Asia’s Startups Are Hindered By Confusing And Outdated Laws, Says The Economist Intelligence Unit

Asia boasts almost half of the world’s two billion Internet users, rapidly growing digital infrastructure and strong mobile penetration. So what’s keeping the continent’s startup industries from producing a rival to Amazon, eBay or Facebook? In a new report, research group the Economist Intelligence Unit identifies an almost overwhelming array of obstacles for the region’s startups–including laws governing online businesses that have resulted in jail time for entrepreneurs.

Commissioned by the Asia Internet Coalition and based on interviews with more than 30 Internet platform and content creators, “Good to grow? The environment for Asia’s Internet businesses” examines the challenges faced by the region’s emerging startup ecosystems. There are many, including limited online payment options, lack of collaboration among entrepreneurs and few opportunities for monetization. One of the trickiest issues for startup founders, however, is intermediary liability, or regulations that force them to take responsibility for illegal activity by third parties on their platforms.

The most extreme and high profile example of these regulations are in China. For example, microblogging Sina Weibo’s 500 million users are banned from searching for words like “truth” and the names of certain individuals. The microblogging platform has also struggled with implementing real-name registration, despite being instructed to by the Chinese government.

Despite China’s infamously stringent Internet censorship, it is not the only Asia country where tech companies face heavy legal consequences for activity by users. Last year in Thailand, Chiranuch Premchaiporn received a jail sentence after comments deemed offensive to the country’s royal family were posted on a Web site she owned.

Poorly worded IT laws result in high administrative costs and uncertainty for tech startups in many countries. In 2004, Avnish Bajaj, the CEO of eBay’s India auction business, was arrested and imprisoned under country’s Information Technology Act after a customer used the service to sell pornography. Nine years later, Indian tech entrepreneurs are still hampered by confusing regulations, which mean that they are held liable for content posted on their sites by third parties even though it’s often unclear exactly what they need to monitor.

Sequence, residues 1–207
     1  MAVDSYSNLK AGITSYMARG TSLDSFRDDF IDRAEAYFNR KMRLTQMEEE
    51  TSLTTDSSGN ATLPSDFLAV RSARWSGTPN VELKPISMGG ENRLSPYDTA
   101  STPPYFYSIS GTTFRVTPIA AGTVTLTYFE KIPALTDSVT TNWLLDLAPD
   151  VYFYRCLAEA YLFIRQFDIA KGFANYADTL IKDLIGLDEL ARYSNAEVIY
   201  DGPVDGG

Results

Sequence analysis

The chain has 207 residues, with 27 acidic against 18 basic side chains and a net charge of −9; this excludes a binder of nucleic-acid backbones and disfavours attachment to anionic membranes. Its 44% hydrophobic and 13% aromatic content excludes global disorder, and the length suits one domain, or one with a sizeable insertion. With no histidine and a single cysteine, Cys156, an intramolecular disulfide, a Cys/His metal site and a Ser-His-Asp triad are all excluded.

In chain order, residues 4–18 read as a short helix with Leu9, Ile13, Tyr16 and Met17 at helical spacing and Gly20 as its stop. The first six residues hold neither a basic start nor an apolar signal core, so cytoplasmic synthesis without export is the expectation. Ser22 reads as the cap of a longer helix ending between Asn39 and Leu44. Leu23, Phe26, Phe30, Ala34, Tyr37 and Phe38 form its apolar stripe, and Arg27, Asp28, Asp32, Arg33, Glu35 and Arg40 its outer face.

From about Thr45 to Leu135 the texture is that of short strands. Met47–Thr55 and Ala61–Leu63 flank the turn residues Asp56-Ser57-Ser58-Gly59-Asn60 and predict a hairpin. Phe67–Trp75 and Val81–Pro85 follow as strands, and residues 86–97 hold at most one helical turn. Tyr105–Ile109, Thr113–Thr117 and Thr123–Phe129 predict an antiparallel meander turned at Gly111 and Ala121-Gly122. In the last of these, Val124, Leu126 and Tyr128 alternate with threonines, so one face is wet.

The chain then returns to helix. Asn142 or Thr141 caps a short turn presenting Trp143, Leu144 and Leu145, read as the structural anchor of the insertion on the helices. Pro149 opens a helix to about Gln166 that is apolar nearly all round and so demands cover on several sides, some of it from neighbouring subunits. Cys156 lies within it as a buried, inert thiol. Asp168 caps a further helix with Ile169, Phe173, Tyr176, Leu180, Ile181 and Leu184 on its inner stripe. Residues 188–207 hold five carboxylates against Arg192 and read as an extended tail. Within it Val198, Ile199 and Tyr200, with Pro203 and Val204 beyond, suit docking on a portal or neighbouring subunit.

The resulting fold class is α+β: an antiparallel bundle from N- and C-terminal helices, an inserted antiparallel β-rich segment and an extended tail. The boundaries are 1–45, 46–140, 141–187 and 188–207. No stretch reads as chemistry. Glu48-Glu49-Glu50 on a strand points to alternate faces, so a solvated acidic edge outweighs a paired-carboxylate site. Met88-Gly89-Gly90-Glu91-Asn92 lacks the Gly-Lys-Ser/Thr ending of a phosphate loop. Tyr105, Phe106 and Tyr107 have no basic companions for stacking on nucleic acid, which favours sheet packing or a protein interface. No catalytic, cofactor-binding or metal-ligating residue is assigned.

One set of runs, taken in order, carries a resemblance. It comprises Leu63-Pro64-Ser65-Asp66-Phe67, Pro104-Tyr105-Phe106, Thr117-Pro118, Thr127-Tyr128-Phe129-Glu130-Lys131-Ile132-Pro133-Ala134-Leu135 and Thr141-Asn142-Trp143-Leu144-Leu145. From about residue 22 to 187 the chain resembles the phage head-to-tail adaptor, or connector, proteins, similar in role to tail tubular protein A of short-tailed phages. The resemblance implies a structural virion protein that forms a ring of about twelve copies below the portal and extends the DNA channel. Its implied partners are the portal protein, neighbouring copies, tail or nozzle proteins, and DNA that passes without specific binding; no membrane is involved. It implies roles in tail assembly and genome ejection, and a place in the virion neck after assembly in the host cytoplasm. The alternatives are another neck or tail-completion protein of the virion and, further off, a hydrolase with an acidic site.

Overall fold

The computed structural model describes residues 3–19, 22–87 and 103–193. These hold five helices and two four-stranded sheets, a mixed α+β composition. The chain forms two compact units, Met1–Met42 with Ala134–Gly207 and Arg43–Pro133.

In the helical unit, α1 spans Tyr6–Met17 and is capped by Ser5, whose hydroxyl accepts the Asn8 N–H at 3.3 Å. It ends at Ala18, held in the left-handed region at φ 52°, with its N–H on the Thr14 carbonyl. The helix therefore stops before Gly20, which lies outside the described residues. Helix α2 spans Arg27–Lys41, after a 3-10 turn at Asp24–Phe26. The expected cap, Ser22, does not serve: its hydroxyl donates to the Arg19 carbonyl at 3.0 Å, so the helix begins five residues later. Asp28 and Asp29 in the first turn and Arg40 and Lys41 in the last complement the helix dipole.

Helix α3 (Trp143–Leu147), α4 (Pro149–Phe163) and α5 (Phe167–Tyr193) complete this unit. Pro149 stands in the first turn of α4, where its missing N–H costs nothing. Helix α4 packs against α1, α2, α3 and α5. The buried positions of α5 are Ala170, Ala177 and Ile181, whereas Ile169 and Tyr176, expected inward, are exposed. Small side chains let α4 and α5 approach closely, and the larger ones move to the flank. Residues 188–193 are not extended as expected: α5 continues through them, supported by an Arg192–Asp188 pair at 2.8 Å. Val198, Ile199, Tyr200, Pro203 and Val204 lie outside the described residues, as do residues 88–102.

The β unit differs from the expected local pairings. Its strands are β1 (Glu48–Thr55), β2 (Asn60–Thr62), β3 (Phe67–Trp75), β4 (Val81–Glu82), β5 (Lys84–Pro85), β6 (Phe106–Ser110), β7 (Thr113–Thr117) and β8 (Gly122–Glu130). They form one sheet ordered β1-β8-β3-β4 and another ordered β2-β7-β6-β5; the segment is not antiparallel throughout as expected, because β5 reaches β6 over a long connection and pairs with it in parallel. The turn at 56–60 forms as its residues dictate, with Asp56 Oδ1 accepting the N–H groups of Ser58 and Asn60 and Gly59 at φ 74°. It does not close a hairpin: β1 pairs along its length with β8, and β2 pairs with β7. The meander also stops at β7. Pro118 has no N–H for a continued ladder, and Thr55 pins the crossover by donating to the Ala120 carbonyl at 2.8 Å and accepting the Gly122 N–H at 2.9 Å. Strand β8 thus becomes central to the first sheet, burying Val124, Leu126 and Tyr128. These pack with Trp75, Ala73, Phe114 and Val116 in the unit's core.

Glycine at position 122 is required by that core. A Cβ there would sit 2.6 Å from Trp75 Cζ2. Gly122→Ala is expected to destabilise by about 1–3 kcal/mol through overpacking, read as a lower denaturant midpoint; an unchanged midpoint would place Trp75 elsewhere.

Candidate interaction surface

Another example of confusing legislation is South Korea’s Shutdown Law. Though it forces online gaming companies to verify users’ ages through ID cards, other laws prohibit Web sites from collecting personal data such as social security numbers from users, making it difficult for sites to check the age of users (indeed, plenty of Korean teenagers have already found ways to get around the Shutdown law).

Governments often impose confusing and restrictive laws because, as the EIU’s report puts it, “legislation cannot hope to keep up the rapid pace of innovation and the emergence of disruptive online business models.” Many tech entrepreneurs in Asia “report that their government does not grasp the economic importance of the Internet and the role that regulation can play in either enabling or hobbling it.”

One of the most striking examples of shortsighted lawmaking is in Taiwan, where a mandatory seven-day trial period and return policy applies to all online and offline purchases. While this policy makes sense for items like clothing, it doesn’t work for songs or apps. When Google disputed the law with the Taipei City government, sales of paid apps on Google Play in Taiwan were suspended for 20 months.

Though research from the McKinsey Global Institute estimated that the Internet economy contributed 5.4% of Taiwan’s GDP in 2010, the country’s legislators continue to enforce laws that restrict the industry’s growth. For example, the Taiwanese government did not relax rules governing third-party payment services until November 2012, which made it almost impossible for small businesses to accept online credit card payments.

Of course, legislation is necessary in order to protect Internet users and e-commerce consumers. In Vietnam, where regulation is still relatively undeveloped, startups have more freedom to innovate and scale up quickly. But the lack of laws governing online businesses also mean that consumer confidence in Internet companies is so low that it hampers monetization efforts.

While Asia’s startups have plenty of room to grow, it is crucial for governments to strike the right balance between encouraging innovation and protecting users when drafting laws governing the tech industry. Otherwise, many of Asia’s emerging economies risk missing out on the benefits of a thriving tech industry.